August 13, 2013
IMPORTANT NOTE: Mushrooms can be dangerous and even deadly! Be careful and know what you’re eating. As the saying goes: “There are old mushroom hunters, and bold mushroom hunters, but there are no old, bold mushroom hunters.”
The Michigan Morel Hunters Club features mushrooms that are in season in their Mushroom of the Month. One of the late summer mushrooms they have highlighted are Black Trumpets (Craterellus cornucopioides):
Black Trumpets (aka horn-of-plenty) mushrooms are a wonderful edible mushroom that grows in Michigan from July through September. They are fragile mushrooms that look like a cornucopia (horn-of-plenty) or maybe like trumpets but are black or gray instead of gold. Despite somewhat funereal descriptions and European names (trompette de la morte in French and trombetta dei morti in Italian), they are very tasty mushrooms that can be widely used in cooking. They are strongly flavored mushrooms with a fragrant aroma. Their strong flavor and aroma allows them to be used in a wide variety of dishes. Though they are difficult to find, they are definitely worth pursuing. Fortunately, they grow in clusters so there often are many where one is found.
…Trumpets are ideal for sophisticated dishes because of their fragrant aroma and strong flavor. Because of their fragrant aroma they are often dried and pulverized for use as a seasoning for everything from soup to steak. They are very easy to dry requiring only a few hours in a dehydrator or a couple of days of open air drying. They are delicious sautéed in butter with parsley and chives as a side dish.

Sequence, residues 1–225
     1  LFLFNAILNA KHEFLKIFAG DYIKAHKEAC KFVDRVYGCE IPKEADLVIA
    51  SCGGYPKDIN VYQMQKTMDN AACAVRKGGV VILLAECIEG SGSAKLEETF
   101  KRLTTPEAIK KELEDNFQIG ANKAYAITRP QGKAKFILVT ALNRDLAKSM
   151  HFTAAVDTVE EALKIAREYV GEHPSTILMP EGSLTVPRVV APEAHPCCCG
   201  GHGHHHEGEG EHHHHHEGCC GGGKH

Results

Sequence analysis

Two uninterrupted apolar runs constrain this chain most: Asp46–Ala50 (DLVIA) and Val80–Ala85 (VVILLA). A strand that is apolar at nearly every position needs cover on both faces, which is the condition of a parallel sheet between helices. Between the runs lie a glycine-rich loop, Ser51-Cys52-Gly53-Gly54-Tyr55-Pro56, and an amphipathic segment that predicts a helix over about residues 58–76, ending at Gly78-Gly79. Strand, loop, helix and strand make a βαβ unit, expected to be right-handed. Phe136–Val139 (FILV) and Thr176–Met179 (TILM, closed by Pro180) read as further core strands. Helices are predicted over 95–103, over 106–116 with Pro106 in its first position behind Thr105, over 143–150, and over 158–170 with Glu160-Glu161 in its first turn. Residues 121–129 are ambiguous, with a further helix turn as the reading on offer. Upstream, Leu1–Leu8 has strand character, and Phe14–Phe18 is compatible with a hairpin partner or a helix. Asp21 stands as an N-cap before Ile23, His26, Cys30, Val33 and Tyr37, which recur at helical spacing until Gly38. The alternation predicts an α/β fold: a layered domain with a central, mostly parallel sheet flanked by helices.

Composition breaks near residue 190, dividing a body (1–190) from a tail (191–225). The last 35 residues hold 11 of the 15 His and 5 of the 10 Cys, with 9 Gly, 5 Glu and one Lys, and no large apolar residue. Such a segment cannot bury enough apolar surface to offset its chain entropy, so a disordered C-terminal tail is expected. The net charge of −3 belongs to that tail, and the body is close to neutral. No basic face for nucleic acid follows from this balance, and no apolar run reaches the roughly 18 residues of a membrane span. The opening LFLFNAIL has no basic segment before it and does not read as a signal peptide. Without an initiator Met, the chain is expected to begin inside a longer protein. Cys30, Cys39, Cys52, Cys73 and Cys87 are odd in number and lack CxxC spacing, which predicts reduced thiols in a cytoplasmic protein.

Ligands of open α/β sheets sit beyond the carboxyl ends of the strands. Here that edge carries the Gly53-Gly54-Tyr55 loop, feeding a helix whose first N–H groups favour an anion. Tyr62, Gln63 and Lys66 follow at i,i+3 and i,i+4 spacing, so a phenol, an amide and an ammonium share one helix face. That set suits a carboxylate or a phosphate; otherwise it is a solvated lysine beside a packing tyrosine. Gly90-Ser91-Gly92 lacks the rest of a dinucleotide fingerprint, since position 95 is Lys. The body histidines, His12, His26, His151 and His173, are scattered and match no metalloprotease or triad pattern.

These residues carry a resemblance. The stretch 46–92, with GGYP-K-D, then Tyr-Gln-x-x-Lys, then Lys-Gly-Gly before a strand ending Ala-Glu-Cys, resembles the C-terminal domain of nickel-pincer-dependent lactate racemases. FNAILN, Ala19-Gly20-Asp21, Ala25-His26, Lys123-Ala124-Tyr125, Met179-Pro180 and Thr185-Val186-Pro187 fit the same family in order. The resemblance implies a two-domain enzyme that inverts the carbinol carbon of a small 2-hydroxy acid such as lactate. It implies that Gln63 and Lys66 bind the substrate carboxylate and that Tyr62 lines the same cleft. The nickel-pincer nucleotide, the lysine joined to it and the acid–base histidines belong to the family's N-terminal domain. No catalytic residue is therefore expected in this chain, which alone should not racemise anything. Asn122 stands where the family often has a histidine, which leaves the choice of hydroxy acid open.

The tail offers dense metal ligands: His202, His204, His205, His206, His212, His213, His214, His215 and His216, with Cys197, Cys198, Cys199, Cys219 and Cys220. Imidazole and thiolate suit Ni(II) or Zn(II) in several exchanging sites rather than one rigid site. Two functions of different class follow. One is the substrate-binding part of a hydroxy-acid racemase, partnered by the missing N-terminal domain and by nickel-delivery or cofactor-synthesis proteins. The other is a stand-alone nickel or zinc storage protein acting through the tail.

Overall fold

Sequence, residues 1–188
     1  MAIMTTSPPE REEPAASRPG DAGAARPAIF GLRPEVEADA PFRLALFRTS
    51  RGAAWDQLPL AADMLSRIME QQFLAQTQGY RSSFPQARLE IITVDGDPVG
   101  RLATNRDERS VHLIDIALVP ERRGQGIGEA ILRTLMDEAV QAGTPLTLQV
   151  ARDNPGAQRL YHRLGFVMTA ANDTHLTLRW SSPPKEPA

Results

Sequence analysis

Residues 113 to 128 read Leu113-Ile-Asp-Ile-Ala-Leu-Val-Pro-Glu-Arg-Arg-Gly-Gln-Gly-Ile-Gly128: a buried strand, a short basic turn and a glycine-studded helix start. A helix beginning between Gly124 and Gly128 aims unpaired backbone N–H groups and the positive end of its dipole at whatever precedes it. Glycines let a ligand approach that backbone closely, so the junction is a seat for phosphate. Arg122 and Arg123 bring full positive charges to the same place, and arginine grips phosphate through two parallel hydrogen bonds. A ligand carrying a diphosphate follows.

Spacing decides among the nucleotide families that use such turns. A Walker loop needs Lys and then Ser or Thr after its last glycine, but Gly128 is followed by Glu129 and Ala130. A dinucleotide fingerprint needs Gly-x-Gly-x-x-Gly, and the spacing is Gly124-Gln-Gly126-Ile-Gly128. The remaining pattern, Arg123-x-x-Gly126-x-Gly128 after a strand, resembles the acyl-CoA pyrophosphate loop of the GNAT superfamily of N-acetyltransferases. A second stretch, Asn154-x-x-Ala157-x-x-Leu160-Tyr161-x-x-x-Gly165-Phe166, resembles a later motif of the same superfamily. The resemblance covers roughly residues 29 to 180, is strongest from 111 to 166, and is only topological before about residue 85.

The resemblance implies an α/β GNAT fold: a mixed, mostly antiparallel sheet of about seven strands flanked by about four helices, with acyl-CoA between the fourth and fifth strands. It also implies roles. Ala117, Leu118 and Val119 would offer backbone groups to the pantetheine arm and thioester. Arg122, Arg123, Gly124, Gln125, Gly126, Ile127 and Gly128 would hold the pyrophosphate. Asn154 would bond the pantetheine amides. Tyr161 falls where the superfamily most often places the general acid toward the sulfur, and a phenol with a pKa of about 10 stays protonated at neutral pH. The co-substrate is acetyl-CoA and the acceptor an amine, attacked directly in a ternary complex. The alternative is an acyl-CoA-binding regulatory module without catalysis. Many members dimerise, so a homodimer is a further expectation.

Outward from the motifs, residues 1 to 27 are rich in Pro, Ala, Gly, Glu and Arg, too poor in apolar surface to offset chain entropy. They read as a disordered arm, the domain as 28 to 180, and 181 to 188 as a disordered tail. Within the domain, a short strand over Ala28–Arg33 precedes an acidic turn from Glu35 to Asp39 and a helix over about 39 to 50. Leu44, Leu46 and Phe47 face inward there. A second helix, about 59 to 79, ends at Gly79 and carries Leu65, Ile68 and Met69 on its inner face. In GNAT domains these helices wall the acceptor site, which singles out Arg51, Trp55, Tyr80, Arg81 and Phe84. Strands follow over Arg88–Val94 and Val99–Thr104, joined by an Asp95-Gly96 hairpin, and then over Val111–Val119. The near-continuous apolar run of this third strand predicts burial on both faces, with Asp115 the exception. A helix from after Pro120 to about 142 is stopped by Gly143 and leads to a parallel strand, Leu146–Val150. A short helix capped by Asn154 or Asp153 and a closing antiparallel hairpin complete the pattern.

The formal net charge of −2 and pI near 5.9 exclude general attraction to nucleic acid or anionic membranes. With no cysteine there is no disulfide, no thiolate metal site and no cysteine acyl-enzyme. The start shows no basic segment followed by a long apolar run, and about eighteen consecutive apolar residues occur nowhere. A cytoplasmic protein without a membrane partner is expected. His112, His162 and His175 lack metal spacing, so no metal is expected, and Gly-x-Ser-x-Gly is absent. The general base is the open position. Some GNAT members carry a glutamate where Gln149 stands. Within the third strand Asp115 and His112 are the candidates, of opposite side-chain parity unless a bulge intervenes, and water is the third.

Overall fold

Read more at the MMHC including how to identify them. A good thing is that the only similar mushroom (black chantarelle) is also edible! Also check out these black trumpet photos and ID tips at MushroomExpert.com.
Marjorie says that they found a grove of these tasty critters and harvested a large bag full of them … and that they smell like apricots. View her photo bigger and see more in her surprisingly large fungus & lichen slideshow. There’s lots more from Marjorie on Michigan in Pictures including her multi-day Michigan Photographer Profile.
More mushrooms on Michigan in Pictures!
October 23, 2012
The Cornell Mushroom Bog is a great resource for mushroom hunters. Their entry on Eating the Chicken of the Woods begins:
David Arora remarks in Mushrooms Demystified that this is one of the “foolproof four” — an unmistakable mushroom. (see below)
This large, brightly colored fungus is often found in clusters but is occasionally solitary. You may discover this mushroom during the summer and fall but rarely in winter or spring. The top surface of Chicken of the Woods is bright orange which can be either more reddish or yellowish than you see here. It tends to lighten in color near the edges. This mushroom has no gills, instead its bright yellow undersurface is covered with tiny pores. The young Chicken of the Woods is “succulent” and has a mild flavor. Older specimens tend to change color as they develop, as well as become brittle. The young mushrooms have bright yellows and oranges; in age they dull to yellow and then pure white.